Improving Retention in HIV Care: Which Interventions Work?

Michael J. Mugavero, MD, MHSc

Disclosures

September 13, 2012

Introduction

Mounting enthusiasm for HIV "treatment as prevention" approaches has brought increased focus to current gaps across a continuum of care that spans HIV acquisition to plasma viral suppression.[1,2] In contrast to extensive literature describing scientifically rigorous studies comparing the efficacy of antiretroviral therapy (ART) regimens and interventions to promote ART adherence, a relative paucity of evidence-based interventions have been evaluated for the earlier steps on the care continuum: testing, linkage, and retention in care.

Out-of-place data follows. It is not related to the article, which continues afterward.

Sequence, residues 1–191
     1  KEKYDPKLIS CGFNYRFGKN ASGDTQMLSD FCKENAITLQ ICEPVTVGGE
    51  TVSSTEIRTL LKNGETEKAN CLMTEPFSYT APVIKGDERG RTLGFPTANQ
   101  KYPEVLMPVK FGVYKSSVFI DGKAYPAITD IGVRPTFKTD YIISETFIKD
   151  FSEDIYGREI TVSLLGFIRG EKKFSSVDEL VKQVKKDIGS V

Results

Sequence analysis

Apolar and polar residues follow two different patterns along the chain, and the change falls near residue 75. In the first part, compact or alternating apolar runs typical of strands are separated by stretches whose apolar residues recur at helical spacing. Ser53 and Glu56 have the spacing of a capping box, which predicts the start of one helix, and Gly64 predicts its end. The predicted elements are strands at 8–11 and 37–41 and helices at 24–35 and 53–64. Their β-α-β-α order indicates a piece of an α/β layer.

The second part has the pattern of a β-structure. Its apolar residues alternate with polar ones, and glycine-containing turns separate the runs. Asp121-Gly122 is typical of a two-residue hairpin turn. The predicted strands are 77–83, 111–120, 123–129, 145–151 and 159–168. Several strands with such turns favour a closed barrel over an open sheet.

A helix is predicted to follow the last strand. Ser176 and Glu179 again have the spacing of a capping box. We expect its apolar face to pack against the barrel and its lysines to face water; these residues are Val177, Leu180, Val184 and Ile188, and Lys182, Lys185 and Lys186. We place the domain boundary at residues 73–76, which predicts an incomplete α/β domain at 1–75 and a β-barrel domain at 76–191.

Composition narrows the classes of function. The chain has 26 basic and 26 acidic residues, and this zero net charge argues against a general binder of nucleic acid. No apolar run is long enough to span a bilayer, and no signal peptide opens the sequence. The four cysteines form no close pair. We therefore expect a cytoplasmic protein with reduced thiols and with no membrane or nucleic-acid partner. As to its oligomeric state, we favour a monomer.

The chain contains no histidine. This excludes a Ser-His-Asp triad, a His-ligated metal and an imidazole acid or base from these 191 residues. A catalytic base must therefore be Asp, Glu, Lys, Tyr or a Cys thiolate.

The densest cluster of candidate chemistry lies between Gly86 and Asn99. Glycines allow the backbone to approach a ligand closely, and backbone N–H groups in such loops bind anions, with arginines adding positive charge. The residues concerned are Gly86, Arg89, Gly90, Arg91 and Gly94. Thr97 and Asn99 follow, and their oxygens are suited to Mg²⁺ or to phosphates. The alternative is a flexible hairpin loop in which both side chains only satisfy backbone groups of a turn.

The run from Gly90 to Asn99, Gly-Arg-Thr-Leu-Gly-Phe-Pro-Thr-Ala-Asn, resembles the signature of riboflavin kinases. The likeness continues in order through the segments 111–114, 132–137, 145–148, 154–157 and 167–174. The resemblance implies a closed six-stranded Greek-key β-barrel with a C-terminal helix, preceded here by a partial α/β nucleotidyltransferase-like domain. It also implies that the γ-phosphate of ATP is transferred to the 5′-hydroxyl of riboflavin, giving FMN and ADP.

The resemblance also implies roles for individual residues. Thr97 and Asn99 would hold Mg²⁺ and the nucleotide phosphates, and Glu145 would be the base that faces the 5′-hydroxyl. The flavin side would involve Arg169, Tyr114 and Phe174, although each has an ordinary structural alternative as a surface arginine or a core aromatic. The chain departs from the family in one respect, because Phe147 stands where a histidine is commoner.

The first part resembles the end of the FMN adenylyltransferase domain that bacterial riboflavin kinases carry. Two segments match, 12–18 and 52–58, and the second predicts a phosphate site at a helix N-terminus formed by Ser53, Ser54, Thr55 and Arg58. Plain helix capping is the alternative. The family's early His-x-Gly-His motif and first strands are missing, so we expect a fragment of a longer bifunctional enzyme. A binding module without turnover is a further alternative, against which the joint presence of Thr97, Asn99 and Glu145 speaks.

Deficiencies in these initial steps pose some of the greatest challenges to achieving the individual and public health benefits afforded by sustained viral suppression at an individual and community level. Among the 1.1 million persons living with HIV infection in the United States, only 79% are aware of their serostatus; among those with known HIV infection, 69% are linked to care in a timely fashion, and only 59% are retained in medical care over time.[3,4] Yet, the US National HIV/AIDS Strategy has set goals of 90% serostatus awareness, 85% linkage to care within 3 months of diagnosis, and 80% retention in continuous care among Ryan White CARE Act clients by 2015.[5]

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